So armed conflict (Korea, Viet Nam, Iraq) does not qualify as a “war” to you? It has to be officially sanctioned & declared by the Federal Government, your personal arbitor of all things good?

I astound you? You pathetic cretin. Good men died so you can act like an idiot.

No More Progressives!

March 10th, 2010
2:01 pm

Keep up the good fight!

March 10th, 2010
12:03 pm
No More Progressives! As an attorney I would defend Yamato against any allegations of crime vs act of war. In fact, it is very clear that a declaration of war was intended to be delivered just prior to the attack.

Then you should prepair yourself to defend FDR; the JN12 code had been (sufficiently) broken, and we knew that an attack on Pacific assets was imminent. Hostilities in the Pacific began in Sept. 1931 when Japan invaded Manchuria. Pleanty of time for FDR to take his secretary to Warm Springs to diddle. That’s treason in my book.

And it’s Yamamoto.

Byron Mathison Kerr

March 10th, 2010
2:02 pm

What’s next? Vilifying defense attorneys who represent high-profile criminals? Are these high-profile criminals somehow more respectable than terror suspects?

I think many people misunderstand a lawyer’s job. It is not to find a higher truth; it is to represent their client’s best interest.

Bandwidth

March 10th, 2010
2:08 pm

Rafe…sorry, maybe I overreacted. But let’s take Khaled Sheikh Mohammed as an example. The crime that he is accused of masterminding happened in the jurisdiction of the New York City Trial Court, which is in turn geographically located in the U.S. Second Federal Court District. That much is well defined. This act should be tried by one or both of these entities. Mohammed should receive adequate representation for his defense during such a trial. The sixth amendment guarantees it, no?

The big problem here is that the tortuous logic that the Bush administration used to wage this “war on terror” absolutely failed to clarify the nature of the acts or the status of “enemy combatants”. I’m not asking for a U.S. criminal trial for some idiot taking pot shots at our soldiers in Fallujah. However, barring a declaration of war against the nation state that Mohammed is a citizen of, I don’t think there’s any question about how this case should be tried. People are getting all sentimental about John Adams and the Boston Massacre, but in Mohammed’s case the analogy is spot on. A military tribunal in this case is not warranted. What would the right say about the counsel for Mohammed in such a trial? That they were good Americans, upholding the finest traditions of the U.S. Justice system? Somehow, I think that wouldn’t be it.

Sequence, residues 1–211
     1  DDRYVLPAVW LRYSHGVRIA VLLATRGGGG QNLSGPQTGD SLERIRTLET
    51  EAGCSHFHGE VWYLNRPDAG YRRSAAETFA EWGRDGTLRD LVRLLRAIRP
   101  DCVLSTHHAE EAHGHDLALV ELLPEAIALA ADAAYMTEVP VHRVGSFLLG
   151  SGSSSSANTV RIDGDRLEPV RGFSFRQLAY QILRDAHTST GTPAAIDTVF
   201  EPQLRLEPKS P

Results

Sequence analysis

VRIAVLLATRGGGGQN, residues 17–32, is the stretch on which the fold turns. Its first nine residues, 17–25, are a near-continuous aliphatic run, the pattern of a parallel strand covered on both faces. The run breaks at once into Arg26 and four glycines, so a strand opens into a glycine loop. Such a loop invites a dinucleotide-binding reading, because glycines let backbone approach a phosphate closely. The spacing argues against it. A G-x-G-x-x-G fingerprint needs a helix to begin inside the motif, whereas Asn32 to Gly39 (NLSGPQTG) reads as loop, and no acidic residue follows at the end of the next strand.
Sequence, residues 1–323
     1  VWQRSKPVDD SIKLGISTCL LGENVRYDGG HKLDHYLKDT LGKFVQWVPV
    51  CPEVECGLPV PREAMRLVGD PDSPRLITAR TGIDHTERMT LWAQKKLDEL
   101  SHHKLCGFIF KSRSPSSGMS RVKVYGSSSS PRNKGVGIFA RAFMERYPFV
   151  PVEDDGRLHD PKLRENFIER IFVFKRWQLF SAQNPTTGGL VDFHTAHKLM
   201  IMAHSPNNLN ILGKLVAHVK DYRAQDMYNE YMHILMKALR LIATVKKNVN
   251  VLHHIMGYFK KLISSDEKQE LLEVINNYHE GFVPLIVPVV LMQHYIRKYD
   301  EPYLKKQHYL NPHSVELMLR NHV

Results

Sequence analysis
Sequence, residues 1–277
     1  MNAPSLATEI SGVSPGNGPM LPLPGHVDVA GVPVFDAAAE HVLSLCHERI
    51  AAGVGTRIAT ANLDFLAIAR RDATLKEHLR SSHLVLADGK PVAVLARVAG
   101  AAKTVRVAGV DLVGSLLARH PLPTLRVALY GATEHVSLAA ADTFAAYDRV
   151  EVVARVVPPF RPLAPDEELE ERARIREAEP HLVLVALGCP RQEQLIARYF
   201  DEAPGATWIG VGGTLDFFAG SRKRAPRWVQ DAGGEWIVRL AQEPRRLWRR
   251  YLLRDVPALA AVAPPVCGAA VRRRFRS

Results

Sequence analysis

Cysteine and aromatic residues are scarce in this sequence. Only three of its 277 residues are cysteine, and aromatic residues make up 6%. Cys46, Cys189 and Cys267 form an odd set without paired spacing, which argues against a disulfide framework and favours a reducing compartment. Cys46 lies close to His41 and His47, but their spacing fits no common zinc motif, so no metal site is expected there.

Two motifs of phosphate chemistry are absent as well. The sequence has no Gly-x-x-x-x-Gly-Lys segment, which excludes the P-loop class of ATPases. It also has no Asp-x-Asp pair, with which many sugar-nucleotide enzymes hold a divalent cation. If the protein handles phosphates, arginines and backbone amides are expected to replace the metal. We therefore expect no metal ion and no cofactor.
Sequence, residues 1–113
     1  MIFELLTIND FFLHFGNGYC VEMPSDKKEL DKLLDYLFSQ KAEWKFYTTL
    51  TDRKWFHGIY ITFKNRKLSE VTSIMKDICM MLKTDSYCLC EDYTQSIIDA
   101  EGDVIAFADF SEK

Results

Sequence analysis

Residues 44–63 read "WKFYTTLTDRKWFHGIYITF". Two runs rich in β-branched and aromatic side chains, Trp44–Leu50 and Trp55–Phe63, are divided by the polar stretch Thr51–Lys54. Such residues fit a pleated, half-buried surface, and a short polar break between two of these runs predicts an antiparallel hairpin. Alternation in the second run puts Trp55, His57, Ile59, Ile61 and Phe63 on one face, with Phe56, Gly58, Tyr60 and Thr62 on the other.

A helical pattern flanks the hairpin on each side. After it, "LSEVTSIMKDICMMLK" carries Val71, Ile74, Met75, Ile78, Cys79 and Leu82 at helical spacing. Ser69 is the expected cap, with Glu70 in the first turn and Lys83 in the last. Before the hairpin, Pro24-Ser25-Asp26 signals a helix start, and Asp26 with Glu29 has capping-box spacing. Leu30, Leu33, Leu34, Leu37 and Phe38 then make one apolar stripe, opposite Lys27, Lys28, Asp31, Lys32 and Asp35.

Bandwidth

March 10th, 2010
2:16 pm

William just called lawyers terrorists. Is the lawyer who represents a pedophile a child molester? There’s no room for this kind of categorization. Sen. Graham and the Bush lawyers who signed the letter against Liz have said that attributing the acts of accused to their counsel is an intolerable act that undermines the the American jurisprudence system and by extension, the American government. Makes you wonder who the real terrorists are.

Bandwidth

March 10th, 2010
2:21 pm

No More Progressives is a lost cause. No More Brains is more like it. I’m not getting into a battle of wits with someone who is unarmed.

Minister James

March 10th, 2010
2:22 pm

Have any of you Chenians ever thought to ask Lizzard and her dad to actually go fight these terrorists that they are so gung ho for our children to die fighting? You place these; the worst of cowards on a pedestal, pay their insurance and allow them to profit from the blood of real soldeirs all the while they’re agitating about ‘keep America safe’. Whew.

HDB

March 10th, 2010
2:27 pm

Here’s what needs to be said to Liz Cheney: STFU!!

Lily

March 10th, 2010
2:32 pm

Minister James, you are so right! Too bad everbody cannot see the truth. These people who say we are “coddling” terrorists do not seem to realize that THEY are actually playing right into the terrorists’ hands. Their “tough talk” and intolerant attitudes are giving the terrorists great recruiting tools, and that is actually hurting the war on terror. We are a country of laws, and we need to show that to the world. In the long run, that will benefit us in the war on terroroism much more than reckless and inflammatory talk.

Keep up the good fight!

March 10th, 2010
2:34 pm

No more progressives….the word is “prepare” not “prepair,” also “Plenty” not “Pleanty”. When you are losing on all grounds, then use names like “cretin” to vilify. Of course, you ignore that your original mistaken premise was woefully wrong….there are those who would defend Yamamoto in a charge of crime vs. act of war. Having lost the point and your conclusion that no one would….you ignore it and move on with your muddled thoughts….and your claims of treason.

Perhaps those good men and women who died would be ashamed of the way you chose to ignore the constitution and the principles they found for….including a right to trial and a right to an advocate to present a defense as well as a number of other fundamental principals.

DAVID: AJC -Truth Detector

March 10th, 2010
2:35 pm

COULD REPLACE Jay Bookman…..in BOB’s byline…..BOOKMAN would use same words..same thoughts..

Stoned Mountain

March 10th, 2010
2:37 pm

The function of the lawyer in our society is to protect the rights of the client under the constitution, whether it is a state or the federal Bill of Rights.